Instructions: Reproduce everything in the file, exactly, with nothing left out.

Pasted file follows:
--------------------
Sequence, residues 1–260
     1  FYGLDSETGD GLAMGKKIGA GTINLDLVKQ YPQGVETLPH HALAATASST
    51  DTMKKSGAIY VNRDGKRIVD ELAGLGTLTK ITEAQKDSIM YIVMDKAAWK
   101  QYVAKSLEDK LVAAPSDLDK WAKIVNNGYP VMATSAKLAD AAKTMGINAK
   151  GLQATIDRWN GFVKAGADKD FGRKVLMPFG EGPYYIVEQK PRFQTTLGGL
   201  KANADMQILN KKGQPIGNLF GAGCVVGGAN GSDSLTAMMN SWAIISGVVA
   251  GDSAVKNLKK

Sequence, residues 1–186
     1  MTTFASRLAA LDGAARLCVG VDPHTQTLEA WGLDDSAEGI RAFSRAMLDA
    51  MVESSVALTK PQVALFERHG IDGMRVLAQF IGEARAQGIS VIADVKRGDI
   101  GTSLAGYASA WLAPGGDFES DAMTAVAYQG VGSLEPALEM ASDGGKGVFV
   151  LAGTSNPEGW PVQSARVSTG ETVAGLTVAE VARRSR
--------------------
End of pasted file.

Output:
Sequence, residues 1–260
     1  FYGLDSETGD GLAMGKKIGA GTINLDLVKQ YPQGVETLPH HALAATASST
    51  DTMKKSGAIY VNRDGKRIVD ELAGLGTLTK ITEAQKDSIM YIVMDKAAWK
   101  QYVAKSLEDK LVAAPSDLDK WAKIVNNGYP VMATSAKLAD AAKTMGINAK
   151  GLQATIDRWN GFVKAGADKD FGRKVLMPFG EGPYYIVEQK PRFQTTLGGL
   201  KANADMQILN KKGQPIGNLF GAGCVVGGAN GSDSLTAMMN SWAIISGVVA
   251  GDSAVKNLKK

Sequence, residues 1–186
     1  MTTFASRLAA LDGAARLCVG VDPHTQTLEA WGLDDSAEGI RAFSRAMLDA
    51  MVESSVALTK PQVALFERHG IDGMRVLAQF IGEARAQGIS VIADVKRGDI
   101  GTSLAGYASA WLAPGGDFES DAMTAVAYQG VGSLEPALEM ASDGGKGVFV
   151  LAGTSNPEGW PVQSARVSTG ETVAGLTVAE VARRSR